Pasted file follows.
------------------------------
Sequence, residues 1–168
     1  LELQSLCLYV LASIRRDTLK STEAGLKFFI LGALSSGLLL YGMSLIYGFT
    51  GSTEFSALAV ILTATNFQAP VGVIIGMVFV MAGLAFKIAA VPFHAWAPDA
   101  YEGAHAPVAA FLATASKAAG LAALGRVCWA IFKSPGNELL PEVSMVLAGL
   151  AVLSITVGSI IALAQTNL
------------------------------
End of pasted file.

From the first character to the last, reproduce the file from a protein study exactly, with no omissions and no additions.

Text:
Sequence, residues 1–168
     1  LELQSLCLYV LASIRRDTLK STEAGLKFFI LGALSSGLLL YGMSLIYGFT
    51  GSTEFSALAV ILTATNFQAP VGVIIGMVFV MAGLAFKIAA VPFHAWAPDA
   101  YEGAHAPVAA FLATASKAAG LAALGRVCWA IFKSPGNELL PEVSMVLAGL
   151  AVLSITVGSI IALAQTNL